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J Diabetes Sci Technol. 2013 May 1;7(3):727-35.

Behavioral health care for adolescents with poorly controlled diabetes via Skype: does working alliance remain intact?

Author information

1
Oregon Health & Science University, 707 SW Gaines, Portland, OR 97239, USA. freemaku@ohsu.edu

Abstract

BACKGROUND:

Increasingly various technologies are being tested to deliver behavioral health care. Delivering services via videoconferencing shows promise. Given that the patient-provider relationship is a strong predictor of patient adherence to medical regimens, addressing relationship quality when services are not delivered face-to-face is critical. To that end, we compared the therapeutic alliance when behavioral health care was delivered to youth with poorly controlled type 1 diabetes mellitus (T1DM) and their caregivers in-clinic with the same services delivered via Internet-based videoconferencing (i.e., Skype™).

METHODS:

Seventy-one adolescents with poorly controlled T1DM (hemoglobin A1c ≥9%) and one of their caregivers received up to 10 sessions of a family-based behavioral health intervention previously shown to improve adherence to diabetes regimens and family functioning; 32 were randomized to the Skype condition. Youth and caregivers completed the working alliance inventory (WAI), a 36-item measure of therapeutic alliance, at the end of treatment. Additionally, the number of behavioral health sessions completed was tracked.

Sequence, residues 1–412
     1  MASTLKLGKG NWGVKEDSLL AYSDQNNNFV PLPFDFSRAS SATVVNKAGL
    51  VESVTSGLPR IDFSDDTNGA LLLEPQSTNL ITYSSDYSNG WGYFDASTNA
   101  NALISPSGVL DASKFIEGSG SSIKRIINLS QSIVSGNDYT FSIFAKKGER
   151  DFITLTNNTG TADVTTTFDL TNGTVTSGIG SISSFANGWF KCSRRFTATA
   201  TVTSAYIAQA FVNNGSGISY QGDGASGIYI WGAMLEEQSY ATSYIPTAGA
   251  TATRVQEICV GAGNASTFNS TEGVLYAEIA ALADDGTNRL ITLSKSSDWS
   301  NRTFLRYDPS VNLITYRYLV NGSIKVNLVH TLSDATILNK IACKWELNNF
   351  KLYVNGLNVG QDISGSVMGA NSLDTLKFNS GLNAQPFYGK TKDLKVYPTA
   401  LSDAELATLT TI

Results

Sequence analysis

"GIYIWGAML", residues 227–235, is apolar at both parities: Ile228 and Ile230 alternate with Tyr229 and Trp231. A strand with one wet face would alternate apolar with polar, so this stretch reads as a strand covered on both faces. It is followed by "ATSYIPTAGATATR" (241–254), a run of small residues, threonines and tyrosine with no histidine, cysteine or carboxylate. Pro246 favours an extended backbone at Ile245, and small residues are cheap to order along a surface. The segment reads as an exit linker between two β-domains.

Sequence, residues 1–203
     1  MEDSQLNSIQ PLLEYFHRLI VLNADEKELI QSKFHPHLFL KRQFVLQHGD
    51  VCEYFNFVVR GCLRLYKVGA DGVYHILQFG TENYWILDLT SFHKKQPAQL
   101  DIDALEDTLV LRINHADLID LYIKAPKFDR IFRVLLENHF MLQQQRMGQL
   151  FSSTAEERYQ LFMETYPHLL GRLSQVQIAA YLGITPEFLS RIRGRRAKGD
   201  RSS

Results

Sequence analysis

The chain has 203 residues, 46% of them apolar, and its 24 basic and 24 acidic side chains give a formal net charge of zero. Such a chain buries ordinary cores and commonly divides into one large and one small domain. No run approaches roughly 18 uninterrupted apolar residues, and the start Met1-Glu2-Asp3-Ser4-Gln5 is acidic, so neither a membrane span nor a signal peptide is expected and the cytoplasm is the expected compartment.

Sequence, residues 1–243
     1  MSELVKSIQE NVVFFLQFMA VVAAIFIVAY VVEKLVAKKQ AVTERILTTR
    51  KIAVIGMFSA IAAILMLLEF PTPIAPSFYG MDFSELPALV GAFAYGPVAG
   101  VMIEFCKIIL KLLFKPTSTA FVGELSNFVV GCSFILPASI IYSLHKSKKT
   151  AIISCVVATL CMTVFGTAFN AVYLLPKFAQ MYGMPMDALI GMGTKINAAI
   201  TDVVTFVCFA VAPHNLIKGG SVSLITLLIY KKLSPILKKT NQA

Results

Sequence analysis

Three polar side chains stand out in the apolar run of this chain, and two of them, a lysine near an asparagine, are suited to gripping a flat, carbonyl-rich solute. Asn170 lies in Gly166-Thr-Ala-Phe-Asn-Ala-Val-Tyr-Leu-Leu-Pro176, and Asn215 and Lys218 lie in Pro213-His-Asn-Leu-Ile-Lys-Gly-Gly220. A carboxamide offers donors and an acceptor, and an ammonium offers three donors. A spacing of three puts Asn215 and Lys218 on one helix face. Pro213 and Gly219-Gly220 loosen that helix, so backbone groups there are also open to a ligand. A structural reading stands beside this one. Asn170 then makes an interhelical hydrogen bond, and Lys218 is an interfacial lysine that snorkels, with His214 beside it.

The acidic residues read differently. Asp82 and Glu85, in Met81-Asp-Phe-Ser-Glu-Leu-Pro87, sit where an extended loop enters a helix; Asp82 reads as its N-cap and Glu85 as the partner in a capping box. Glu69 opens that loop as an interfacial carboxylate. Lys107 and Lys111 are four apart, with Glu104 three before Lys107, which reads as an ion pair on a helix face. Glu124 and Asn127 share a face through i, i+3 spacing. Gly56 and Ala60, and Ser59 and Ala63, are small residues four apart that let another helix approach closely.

RESULTS:

No significant differences in WAI scores were found for those receiving behavioral health care via Skype versus in-clinic. Youth WAI goal and total scores were significantly associated with the number of sessions completed for those in the clinic group.

CONCLUSION:

Behavioral health can be delivered to youth with T1DM via Internet-based videoconferencing without significantly impacting the therapeutic relationship. Thus, for those adolescents with T1DM who require specialized behavioral health care that targets T1DM management, Internet-based teleconferencing represents a viable alternative to clinic-based care.

PMID:
23759406
PMCID:
PMC3869141
DOI:
10.1177/193229681300700318
[Indexed for MEDLINE]
Free PMC Article
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